Why Rosengren sees no recession in the near future

Register now

Recession fears, which persisted earlier this year, have subsided and Federal Reserve Bank of Boston President Eric Rosengren doesn't expect a downturn unless a major shock occurs.

A negative yield curve was the main driver of recession expectations, with “financial market practitioners” more likely to believe a downturn was imminent than private forecasters, who expected the economy to keep growing, he said. But this time may have been different because policy was accommodative, and a negative yield curve is associated with tightening policy, he said.

“My own view is that it is unlikely we will have an economic downturn in the coming year, given the generally positive financial conditions and the continued accommodative monetary and fiscal policies,” Rosengren told the Forecasters Club of New York, according to prepared text released by the Fed. “Of course, this outlook assumes that we do not have a significant negative shock from abroad, or experience a negative shock from a sharp ratcheting up of trade disputes with major trading partners.”

Since policy is accommodative, in the short term, “I see no need to make the current stance of monetary policy more accommodative,” he said. Since monetary policy works with a lag, and the Fed cut rates three times this year, “it is appropriate to take a patient approach to considering any policy changes, unless there is a material change to the outlook.”

Rosengren said the economy is "currently in a good place,” based on the low unemployment rate (3.5% in November). He expects unemployment to “fluctuate narrowly around its current value," inflation, measured by personal consumption expenditures, to hover around 2%, and housing to stage a rebound with low interest rates.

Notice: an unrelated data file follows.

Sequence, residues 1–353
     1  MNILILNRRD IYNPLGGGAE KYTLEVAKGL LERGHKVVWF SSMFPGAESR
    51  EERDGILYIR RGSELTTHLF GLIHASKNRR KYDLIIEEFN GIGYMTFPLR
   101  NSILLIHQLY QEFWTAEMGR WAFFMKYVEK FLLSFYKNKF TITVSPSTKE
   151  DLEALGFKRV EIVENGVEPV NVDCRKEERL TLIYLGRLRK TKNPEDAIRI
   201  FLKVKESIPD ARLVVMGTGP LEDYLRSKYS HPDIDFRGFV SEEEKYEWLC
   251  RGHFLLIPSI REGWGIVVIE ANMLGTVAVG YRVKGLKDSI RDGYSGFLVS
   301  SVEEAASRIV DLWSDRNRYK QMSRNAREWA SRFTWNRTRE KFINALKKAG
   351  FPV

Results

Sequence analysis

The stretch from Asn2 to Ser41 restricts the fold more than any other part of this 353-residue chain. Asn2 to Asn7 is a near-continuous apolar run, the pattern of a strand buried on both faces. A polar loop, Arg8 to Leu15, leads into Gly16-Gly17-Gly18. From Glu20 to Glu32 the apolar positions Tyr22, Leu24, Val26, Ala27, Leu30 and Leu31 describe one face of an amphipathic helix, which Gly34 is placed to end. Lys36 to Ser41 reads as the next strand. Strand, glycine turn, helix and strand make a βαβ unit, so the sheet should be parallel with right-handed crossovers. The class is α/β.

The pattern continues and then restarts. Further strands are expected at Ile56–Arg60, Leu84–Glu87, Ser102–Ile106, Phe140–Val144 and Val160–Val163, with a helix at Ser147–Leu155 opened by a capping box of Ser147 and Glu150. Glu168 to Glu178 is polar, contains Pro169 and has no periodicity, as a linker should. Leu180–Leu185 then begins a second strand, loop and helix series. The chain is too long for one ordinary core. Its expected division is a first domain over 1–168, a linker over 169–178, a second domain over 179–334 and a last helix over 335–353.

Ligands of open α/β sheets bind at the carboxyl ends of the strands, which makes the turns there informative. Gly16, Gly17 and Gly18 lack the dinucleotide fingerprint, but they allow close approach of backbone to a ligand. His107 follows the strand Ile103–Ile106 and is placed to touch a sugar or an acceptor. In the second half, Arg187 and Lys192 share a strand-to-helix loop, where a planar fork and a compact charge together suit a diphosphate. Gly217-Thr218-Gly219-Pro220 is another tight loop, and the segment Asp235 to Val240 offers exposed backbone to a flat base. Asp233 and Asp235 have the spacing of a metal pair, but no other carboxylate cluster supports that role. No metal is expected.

"Plentiful jobs and growth in income have provided improvements in confidence and bode well for holiday sales and beyond,” he said.

On the negative side, he said, manufacturing has been weak, which he said “is not surprising,” since tariffs, imposed on China, have hurt traded goods.

Separately, Federal Reserve Bank of New York released a report stating the tri-state region economy has softened, as “a variety of headwinds, including labor shortages and uncertainty related to trade,” have taken a toll on the region.

Data
Housing starts rose to 1.365 million units on a seasonally adjusted annual rate, from an upwardly revised 1.323 million in October, first reported as 1.314 million, the Commerce Department reported Tuesday.

Building permits climbed to 1.482 million units, its highest read since May 2007, from 1.461 million in October.

IFR Markets predicted 1.344 million starts and 1.400 million permits.

The growth in permits suggests an uptick in building in 2020.

Separately, industrial production rose 1.1% in November after declining 0.9% in October, the Federal Reserve reported. The numbers reflect a GM worker strike which cut production in October.

Capacity utilization was at 77.3% in November, up from 76.6% in October.

Economists expected production to rise 0.8% and capacity use of 77.2%.

Also, the New York Fed released its Business Leaders Survey, which showed growth in the region’s service sector in December. The business activity index crept to 3.0 from 2.9, while the business climate index narrowed to negative 4.5 from negative 10.5, suggesting respondents see the climate as worse than usual. Optimism was better, with the future business activity index rising to 18.0 from 12.9 and the future business climate improving to negative 6.5 from negative 14.0.

For reprint and licensing requests for this article, click here.
Monetary policy Economic indicators Housing Eric Rosengren Federal Reserve Federal Reserve Bank of Boston Federal Reserve Bank of New York FOMC
MORE FROM BOND BUYER